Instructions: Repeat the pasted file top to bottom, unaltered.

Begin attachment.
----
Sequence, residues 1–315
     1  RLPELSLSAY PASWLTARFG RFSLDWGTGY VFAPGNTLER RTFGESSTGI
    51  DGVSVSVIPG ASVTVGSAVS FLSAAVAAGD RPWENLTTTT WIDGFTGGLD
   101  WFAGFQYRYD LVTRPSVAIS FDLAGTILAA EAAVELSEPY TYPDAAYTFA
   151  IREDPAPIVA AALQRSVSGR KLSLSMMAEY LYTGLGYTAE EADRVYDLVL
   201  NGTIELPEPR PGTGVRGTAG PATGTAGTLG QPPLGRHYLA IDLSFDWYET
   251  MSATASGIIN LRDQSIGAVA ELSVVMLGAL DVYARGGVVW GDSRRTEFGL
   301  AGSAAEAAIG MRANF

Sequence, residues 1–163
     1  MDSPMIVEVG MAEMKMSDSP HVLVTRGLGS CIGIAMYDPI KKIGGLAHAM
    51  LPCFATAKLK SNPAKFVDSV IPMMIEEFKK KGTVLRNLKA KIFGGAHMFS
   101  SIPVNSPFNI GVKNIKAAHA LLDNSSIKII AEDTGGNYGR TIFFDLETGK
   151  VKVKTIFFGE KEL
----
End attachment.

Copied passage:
Sequence, residues 1–315
     1  RLPELSLSAY PASWLTARFG RFSLDWGTGY VFAPGNTLER RTFGESSTGI
    51  DGVSVSVIPG ASVTVGSAVS FLSAAVAAGD RPWENLTTTT WIDGFTGGLD
   101  WFAGFQYRYD LVTRPSVAIS FDLAGTILAA EAAVELSEPY TYPDAAYTFA
   151  IREDPAPIVA AALQRSVSGR KLSLSMMAEY LYTGLGYTAE EADRVYDLVL
   201  NGTIELPEPR PGTGVRGTAG PATGTAGTLG QPPLGRHYLA IDLSFDWYET
   251  MSATASGIIN LRDQSIGAVA ELSVVMLGAL DVYARGGVVW GDSRRTEFGL
   301  AGSAAEAAIG MRANF

Sequence, residues 1–163
     1  MDSPMIVEVG MAEMKMSDSP HVLVTRGLGS CIGIAMYDPI KKIGGLAHAM
    51  LPCFATAKLK SNPAKFVDSV IPMMIEEFKK KGTVLRNLKA KIFGGAHMFS
   101  SIPVNSPFNI GVKNIKAAHA LLDNSSIKII AEDTGGNYGR TIFFDLETGK
   151  VKVKTIFFGE KEL